Hypothermic stress leads to activation of Ras-Erk signaling

E Y Chan, S L Stang, D A Bottorff, J C Stone

Research output: Contribution to journalArticlepeer-review

35 Citations (Scopus)


The small GTPase Ras is converted to the active, GTP-bound state during exposure of vertebrate cells to hypothermic stress. This activation occurs more rapidly than can be accounted for by spontaneous nucleotide exchange. Ras-guanyl nucleotide exchange factors and Ras GTPase-activating proteins have significant activity at 0 degrees C in vitro, leading to the hypothesis that normal Ras regulators influence the relative amounts of Ras-GTP and Ras-GDP at low temperatures in vivo. When hypothermic cells are warmed to 37 degrees C, the Raf-Mek-Erk protein kinase cascade is activated. After prolonged hypothermic stress, followed by warming to physiologic temperature, cultured fibroblasts assume a rounded morphology, detach from the substratum, and die. All of these biologic responses are attenuated by pharmacologic inhibition of Mek. Previously, it had been found that low temperature blocks acute growth factor signaling to Erk. In the present study, we found that this block occurs at the level of Raf activation. Temperature regulation of Ras signaling could help animal cells respond appropriately to hypothermic stress, and Ras-Erk signaling can be manipulated to improve the survival of cells in cold storage.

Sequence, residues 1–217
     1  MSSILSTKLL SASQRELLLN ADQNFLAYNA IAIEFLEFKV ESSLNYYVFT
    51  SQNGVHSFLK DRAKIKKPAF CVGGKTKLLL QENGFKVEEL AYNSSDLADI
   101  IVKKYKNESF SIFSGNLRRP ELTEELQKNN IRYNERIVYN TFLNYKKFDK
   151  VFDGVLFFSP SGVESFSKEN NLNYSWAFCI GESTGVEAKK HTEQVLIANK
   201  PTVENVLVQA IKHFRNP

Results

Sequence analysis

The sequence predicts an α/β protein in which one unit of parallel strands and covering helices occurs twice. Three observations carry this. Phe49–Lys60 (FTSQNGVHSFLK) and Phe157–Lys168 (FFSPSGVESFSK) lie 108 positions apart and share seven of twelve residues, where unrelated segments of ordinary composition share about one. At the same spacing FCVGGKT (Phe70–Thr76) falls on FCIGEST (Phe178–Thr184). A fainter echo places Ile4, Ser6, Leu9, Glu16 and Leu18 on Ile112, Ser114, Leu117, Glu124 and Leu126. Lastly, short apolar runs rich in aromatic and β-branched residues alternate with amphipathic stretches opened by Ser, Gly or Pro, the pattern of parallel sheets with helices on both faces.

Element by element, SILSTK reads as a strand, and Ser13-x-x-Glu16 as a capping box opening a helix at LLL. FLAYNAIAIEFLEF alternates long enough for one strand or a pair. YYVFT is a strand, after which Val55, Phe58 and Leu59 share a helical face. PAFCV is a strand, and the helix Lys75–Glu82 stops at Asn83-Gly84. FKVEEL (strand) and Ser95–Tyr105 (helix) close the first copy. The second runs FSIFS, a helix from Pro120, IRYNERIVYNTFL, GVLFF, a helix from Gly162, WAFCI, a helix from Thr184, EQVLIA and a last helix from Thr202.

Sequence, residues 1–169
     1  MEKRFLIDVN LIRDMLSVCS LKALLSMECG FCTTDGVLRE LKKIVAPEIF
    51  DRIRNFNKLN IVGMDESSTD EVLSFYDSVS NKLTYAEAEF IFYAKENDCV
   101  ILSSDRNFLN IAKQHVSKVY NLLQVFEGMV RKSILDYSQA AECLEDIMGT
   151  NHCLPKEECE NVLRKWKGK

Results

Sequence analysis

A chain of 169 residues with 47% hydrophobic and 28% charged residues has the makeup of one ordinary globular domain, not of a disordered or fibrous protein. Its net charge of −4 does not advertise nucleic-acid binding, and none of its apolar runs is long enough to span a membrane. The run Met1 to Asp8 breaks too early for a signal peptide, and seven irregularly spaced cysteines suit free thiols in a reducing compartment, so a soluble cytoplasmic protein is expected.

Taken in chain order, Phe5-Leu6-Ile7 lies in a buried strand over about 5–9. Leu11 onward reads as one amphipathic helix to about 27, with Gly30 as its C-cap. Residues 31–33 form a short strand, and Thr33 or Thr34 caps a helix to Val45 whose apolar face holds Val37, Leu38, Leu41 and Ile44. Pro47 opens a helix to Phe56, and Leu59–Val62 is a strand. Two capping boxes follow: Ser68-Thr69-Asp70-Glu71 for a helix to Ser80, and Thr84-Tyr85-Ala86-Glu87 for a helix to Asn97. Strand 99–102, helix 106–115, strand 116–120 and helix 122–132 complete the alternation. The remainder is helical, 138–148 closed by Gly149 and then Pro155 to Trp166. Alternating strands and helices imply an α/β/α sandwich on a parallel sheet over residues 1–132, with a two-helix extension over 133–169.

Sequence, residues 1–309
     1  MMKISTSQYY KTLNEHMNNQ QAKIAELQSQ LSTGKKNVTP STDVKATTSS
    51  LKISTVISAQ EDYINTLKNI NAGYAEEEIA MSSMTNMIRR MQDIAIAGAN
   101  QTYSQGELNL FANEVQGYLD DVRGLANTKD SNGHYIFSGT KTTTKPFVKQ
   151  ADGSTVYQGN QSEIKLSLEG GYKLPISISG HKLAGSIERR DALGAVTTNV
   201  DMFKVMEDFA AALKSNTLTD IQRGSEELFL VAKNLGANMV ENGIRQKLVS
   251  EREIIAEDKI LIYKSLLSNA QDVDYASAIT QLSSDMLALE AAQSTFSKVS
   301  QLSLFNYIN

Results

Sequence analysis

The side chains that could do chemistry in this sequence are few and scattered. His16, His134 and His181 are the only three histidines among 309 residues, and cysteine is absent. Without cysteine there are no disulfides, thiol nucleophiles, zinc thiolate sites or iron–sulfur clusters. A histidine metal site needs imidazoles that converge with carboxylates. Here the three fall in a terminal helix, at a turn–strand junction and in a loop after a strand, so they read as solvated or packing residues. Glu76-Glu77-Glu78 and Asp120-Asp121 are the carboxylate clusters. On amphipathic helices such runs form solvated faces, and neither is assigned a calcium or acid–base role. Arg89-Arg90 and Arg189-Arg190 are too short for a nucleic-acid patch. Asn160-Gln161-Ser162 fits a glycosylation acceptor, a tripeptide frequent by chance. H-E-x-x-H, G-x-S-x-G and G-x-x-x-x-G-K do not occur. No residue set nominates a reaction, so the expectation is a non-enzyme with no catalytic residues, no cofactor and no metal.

Original languageEnglish
Pages (from-to)1337-44
Number of pages8
JournalJournal of Clinical Investigation
Issue number9
Publication statusPublished - May 1999


  • animals
  • calcium-calmodulin-dependent protein kinases
  • cell line
  • cell survival
  • dogs
  • enzyme activation
  • enzyme inhibitors
  • epidermal growth factor
  • fibroblasts
  • guanosine triphosphate
  • humans
  • hydrolysis
  • hypothermia
  • rats
  • signal transduction
  • ras proteins


Dive into the research topics of 'Hypothermic stress leads to activation of Ras-Erk signaling'. Together they form a unique fingerprint.

Cite this